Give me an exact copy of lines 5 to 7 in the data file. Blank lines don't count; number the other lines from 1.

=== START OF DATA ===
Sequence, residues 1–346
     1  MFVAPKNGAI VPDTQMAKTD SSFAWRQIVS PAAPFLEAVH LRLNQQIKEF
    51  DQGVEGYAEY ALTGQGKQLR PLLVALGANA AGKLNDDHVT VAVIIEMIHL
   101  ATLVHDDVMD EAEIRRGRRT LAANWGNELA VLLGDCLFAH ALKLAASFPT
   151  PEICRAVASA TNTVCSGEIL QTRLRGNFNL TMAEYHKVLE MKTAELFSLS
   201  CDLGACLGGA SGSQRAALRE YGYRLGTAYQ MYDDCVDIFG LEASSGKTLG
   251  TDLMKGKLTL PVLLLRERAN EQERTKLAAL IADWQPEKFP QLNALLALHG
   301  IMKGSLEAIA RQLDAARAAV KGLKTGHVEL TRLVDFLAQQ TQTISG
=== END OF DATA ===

   151  PEICRAVASA TNTVCSGEIL QTRLRGNFNL TMAEYHKVLE MKTAELFSLS
   201  CDLGACLGGA SGSQRAALRE YGYRLGTAYQ MYDDCVDIFG LEASSGKTLG
   251  TDLMKGKLTL PVLLLRERAN EQERTKLAAL IADWQPEKFP QLNALLALHG